A bit of a long answer and nowhere near all of the explanations but a snapshot of some ways in which we can think about why people commit crimes.

    • Photo: Elizabeth Newton

      Elizabeth Newton answered on 10 Nov 2023:


      Hi, this is not my area but it will depend on the crime. What is a crime is decided upon by the society we live in. Some times people decide collectively that they don’t think something is a crime so laws get changed. For other crimes it can be for so many reasons. Some people will commit crime due to personal circumstances such as poverty, others it will be for more selfish reasons.

    • Photo: David McGonigle

      David McGonigle answered on 13 Nov 2023:


      Hi Tariq!

      Wow – as some other folks in the zone have said, great question! And as some other folks have said – this isn’t precisely my area of expertise. But, interestingly, the reasons can be considered in several ways; it can often depend on what kind of crime we are discussing.

      I find lots of people are fascinated by the psychology behind the ‘big’ crimes – why do people kill, where do serial killers come from, how can people be made to do terrible things…yet still go home at night and seem to be a perfectly respectable member of society.

      At the other end of the spectrum, there’s ‘petty’ thieving – taking a bar of chocolate, a magazine, or something of relatively low value. Yet most current social systems, across most countries and cultures, will view both as crimes. How do we try to study these different yet linked behaviours?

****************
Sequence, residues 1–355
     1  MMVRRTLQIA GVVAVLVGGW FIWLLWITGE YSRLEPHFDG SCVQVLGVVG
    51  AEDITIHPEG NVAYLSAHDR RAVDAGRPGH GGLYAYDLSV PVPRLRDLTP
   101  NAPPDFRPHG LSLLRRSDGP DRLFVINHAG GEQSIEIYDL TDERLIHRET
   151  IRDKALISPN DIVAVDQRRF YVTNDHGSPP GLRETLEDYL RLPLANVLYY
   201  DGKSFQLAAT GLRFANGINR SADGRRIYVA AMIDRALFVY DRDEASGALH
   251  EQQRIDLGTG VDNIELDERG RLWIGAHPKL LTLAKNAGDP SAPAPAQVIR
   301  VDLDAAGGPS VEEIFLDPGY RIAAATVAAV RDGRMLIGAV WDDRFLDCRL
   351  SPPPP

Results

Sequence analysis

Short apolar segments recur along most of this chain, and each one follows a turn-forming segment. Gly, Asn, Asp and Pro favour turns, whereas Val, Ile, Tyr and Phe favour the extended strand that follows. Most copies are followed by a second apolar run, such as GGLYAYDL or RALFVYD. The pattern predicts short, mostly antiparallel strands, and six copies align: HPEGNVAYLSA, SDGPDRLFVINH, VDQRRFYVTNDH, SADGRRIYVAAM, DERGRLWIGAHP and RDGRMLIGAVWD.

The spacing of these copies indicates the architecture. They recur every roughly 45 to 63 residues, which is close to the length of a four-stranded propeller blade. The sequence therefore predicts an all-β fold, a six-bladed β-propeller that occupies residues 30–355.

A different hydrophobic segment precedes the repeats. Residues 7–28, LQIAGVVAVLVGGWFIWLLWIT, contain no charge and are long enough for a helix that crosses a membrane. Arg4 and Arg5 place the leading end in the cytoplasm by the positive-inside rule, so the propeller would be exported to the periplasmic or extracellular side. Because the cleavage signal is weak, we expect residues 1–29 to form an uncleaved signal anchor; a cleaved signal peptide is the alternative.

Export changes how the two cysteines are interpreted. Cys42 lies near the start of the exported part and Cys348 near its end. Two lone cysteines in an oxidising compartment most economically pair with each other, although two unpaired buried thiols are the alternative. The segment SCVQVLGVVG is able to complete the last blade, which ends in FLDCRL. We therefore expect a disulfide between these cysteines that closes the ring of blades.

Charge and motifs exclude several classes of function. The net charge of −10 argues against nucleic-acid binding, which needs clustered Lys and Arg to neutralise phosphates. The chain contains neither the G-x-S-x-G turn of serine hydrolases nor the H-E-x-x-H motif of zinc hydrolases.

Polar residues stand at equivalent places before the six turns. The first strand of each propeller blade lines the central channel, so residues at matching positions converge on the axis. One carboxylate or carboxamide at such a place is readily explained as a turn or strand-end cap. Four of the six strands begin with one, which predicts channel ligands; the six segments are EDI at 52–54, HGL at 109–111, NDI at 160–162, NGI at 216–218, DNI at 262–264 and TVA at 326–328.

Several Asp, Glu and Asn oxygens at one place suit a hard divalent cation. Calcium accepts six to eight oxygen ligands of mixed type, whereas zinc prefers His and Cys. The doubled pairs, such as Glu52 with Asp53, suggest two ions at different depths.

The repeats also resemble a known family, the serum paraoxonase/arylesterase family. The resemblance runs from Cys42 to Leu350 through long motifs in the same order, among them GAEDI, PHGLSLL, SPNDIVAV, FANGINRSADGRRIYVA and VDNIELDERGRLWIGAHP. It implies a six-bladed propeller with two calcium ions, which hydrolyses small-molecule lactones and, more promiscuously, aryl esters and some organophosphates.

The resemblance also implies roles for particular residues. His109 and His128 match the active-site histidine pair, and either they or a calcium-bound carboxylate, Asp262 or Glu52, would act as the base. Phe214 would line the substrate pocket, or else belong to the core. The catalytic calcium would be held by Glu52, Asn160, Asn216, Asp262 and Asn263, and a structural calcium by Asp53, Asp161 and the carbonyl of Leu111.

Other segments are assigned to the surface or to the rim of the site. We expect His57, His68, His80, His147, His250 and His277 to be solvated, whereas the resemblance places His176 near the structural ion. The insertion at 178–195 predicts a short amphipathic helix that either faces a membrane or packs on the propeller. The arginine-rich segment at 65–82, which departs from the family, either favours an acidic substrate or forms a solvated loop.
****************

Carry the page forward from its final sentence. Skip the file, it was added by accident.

Some experiments have tried to link criminal activity to how the brain and nervous system of petty criminals work; the idea of a ‘risk-taking’ personality, which often suggests that if you commit some petty crime, you are more likely to gamble more (and so risk more!) in experiments that use something called the Iowa Gambling Task (you guessed it, you have to bet!).

      With serial killers, the idea of ‘psychopaths’ comes in: Do these peoples’ brains work differently? An American scientist called Kent Kiehl managed to get funding to get a portable MRI scanner (portable in the sense of fitting in the back of an 18-wheeler truck!) and visited various American prisons to examine the brain response of killers who were using the defence that ‘my brain made me do it’.

      As you might have guessed, while Kent did find that their brains, on average, showed lower responses to faces with fear responses, the idea of a ‘psychopathic brain’ is controversial. However, it’s a fact that prisons in the US and the UK are filled with people with psychiatric disorders: perhaps we need to think about better mental health overall for all, and then your question will slowly, hopefully, no longer need to be asked.

      Thanks! Dave

    • Photo: Emma Sullivan

      Emma Sullivan answered on 11 Dec 2023:


      It might be due to a range of environmental and even genetic predisposition factors. Environmental factors might include being in the ‘wrong’ crowd, genetics may include being predisposed to being impulsive for example.

Comments